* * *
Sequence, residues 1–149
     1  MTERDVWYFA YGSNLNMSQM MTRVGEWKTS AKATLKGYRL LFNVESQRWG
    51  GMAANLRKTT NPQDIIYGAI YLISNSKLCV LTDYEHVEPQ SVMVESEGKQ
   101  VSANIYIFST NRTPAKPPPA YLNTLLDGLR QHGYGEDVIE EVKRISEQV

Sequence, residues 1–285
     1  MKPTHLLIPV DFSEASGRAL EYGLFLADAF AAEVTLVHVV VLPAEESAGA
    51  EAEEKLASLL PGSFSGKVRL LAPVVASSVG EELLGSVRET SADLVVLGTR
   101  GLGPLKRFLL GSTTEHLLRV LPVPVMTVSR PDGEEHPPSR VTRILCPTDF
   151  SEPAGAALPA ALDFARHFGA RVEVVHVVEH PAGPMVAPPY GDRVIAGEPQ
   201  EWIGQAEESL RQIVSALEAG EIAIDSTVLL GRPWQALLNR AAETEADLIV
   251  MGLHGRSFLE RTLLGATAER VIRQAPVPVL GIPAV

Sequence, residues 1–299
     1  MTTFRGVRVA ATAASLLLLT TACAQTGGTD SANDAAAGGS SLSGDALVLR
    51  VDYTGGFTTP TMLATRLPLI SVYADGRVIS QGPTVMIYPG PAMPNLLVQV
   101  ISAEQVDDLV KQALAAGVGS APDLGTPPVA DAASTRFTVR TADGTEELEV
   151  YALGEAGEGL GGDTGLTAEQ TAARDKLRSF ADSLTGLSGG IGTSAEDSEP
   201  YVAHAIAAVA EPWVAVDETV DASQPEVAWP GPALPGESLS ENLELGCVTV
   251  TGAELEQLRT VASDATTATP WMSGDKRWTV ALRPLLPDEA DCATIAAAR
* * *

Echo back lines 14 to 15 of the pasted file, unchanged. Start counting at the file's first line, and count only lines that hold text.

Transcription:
    51  VDYTGGFTTP TMLATRLPLI SVYADGRVIS QGPTVMIYPG PAMPNLLVQV
   101  ISAEQVDDLV KQALAAGVGS APDLGTPPVA DAASTRFTVR TADGTEELEV